"Make A Virtue Of Necessity"
Context: Quintilian expresses his views on teaching literature, rhetoric and oratory. In Book I he discusses elementary education and the necessity of teaching such great poets as Homer and Virgil early, even if the pupils are not able to understand fully; the boys will reread these authors "for the love of letters and the value of reading are not confined to one's schooldays but end only with life." In teaching literature, the teacher should analyze the parts of speech, the poetic meter of prose as well as of poetry. "To make virtue of necessity," is proverbial. It is used by Chaucer: Troilus and Criseyde (1372-1386), Book IV, l. 1586; by Rabelais: Works, Book V, chapter 23 (1552); by Robert Burton: Anatomy of Melancholy, Part III, Sec. 3, Memb. 4, Subsect. I (1621-1651). Quintilian uses the proverb in this context: In studying the works of the poets, the teacher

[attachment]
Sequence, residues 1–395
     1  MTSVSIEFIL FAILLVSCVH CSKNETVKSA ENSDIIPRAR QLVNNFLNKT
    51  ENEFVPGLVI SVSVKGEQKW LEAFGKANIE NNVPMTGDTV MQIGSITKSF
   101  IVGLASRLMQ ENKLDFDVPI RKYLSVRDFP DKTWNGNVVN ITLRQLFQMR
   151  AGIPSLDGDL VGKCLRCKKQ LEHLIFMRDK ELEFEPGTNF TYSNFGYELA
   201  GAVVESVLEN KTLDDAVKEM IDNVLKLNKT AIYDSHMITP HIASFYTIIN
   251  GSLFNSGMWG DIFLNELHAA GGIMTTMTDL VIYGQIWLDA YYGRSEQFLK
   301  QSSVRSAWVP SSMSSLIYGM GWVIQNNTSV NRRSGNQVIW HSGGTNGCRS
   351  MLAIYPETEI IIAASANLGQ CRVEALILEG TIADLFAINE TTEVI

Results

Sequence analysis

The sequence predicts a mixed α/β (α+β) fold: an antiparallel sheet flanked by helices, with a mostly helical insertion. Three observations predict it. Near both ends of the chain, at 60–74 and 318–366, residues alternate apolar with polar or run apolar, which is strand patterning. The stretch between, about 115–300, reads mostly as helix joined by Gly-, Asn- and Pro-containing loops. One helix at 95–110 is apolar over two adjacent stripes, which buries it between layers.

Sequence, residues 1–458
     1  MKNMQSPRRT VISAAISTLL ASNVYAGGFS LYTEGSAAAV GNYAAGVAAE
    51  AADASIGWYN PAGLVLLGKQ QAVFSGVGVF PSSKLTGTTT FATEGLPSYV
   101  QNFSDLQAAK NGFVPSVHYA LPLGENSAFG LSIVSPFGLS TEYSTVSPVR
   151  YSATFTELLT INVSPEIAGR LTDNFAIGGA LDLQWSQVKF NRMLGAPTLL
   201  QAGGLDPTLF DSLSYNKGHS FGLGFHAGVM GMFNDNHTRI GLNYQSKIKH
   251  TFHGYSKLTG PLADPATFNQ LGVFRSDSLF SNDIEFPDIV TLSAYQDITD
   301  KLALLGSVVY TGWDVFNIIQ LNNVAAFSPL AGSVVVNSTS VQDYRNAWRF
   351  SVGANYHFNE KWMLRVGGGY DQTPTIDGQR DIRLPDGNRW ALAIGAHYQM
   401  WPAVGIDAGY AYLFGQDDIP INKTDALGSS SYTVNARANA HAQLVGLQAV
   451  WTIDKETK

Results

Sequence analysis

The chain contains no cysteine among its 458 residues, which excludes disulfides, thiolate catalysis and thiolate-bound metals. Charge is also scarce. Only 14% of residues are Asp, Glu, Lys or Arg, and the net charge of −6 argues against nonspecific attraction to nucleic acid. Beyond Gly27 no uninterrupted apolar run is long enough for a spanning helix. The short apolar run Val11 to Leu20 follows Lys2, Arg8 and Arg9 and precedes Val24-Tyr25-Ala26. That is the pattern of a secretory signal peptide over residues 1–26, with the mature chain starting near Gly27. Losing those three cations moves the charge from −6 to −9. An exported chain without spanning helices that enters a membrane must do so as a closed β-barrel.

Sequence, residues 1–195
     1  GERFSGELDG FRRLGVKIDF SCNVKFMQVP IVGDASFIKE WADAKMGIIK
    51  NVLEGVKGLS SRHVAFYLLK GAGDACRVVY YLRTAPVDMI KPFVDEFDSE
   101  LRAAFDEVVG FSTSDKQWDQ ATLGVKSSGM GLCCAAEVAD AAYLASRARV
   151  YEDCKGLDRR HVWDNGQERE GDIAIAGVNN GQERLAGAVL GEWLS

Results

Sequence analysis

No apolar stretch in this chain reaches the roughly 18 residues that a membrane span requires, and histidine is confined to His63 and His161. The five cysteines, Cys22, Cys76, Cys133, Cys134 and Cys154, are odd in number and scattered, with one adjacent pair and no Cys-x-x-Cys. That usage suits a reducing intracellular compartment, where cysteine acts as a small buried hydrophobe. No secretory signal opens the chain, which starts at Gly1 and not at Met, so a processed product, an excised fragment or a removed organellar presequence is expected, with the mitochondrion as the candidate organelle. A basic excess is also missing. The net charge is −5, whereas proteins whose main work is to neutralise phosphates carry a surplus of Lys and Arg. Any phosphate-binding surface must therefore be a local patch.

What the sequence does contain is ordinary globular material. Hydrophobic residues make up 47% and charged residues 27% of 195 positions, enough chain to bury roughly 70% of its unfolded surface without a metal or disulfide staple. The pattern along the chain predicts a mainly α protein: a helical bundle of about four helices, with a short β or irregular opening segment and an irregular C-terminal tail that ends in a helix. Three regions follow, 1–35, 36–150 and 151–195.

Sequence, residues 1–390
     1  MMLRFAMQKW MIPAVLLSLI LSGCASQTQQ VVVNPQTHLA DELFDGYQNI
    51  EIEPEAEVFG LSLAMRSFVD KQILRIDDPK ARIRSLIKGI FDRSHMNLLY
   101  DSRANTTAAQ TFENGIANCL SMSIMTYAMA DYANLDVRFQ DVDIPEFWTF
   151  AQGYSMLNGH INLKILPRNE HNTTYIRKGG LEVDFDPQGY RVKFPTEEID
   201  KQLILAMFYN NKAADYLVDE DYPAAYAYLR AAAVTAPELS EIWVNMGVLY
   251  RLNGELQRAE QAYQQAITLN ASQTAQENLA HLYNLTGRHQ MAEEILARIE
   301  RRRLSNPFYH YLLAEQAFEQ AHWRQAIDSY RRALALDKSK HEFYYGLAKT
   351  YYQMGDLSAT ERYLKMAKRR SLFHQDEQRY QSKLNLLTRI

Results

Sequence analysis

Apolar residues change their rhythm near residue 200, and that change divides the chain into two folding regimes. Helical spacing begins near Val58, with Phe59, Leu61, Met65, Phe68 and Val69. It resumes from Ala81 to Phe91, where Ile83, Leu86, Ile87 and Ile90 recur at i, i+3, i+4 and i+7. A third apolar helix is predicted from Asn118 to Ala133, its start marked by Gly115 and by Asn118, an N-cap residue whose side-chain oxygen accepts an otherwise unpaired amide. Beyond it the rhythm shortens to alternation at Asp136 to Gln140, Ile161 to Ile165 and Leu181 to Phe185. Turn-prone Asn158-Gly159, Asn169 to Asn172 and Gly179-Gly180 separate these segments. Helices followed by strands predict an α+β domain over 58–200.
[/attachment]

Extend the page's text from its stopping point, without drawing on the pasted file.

. . . will point out what words are barbarous, what improperly used, and what are contrary to the laws of language. He will not do this by way of censuring the poets for such peculiarities, for poets are usually the servants of their metres and are allowed such license that faults are given other names when they occur in poetry: for we style them metaplasms, schematisms and schemata, as I have said, and make a virtue of necessity.